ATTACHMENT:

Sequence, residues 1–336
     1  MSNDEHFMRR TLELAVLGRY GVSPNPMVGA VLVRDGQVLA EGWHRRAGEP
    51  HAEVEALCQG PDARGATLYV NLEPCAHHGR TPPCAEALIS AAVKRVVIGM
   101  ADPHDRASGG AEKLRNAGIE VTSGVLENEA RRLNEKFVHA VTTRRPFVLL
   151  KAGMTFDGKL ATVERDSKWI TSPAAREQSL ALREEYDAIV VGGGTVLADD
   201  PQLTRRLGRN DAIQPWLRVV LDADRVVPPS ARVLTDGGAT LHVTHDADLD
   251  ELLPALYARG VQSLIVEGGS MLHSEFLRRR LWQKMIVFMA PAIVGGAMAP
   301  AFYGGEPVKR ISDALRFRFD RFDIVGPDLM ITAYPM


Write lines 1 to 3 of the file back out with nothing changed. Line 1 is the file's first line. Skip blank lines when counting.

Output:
Sequence, residues 1–336
     1  MSNDEHFMRR TLELAVLGRY GVSPNPMVGA VLVRDGQVLA EGWHRRAGEP
    51  HAEVEALCQG PDARGATLYV NLEPCAHHGR TPPCAEALIS AAVKRVVIGM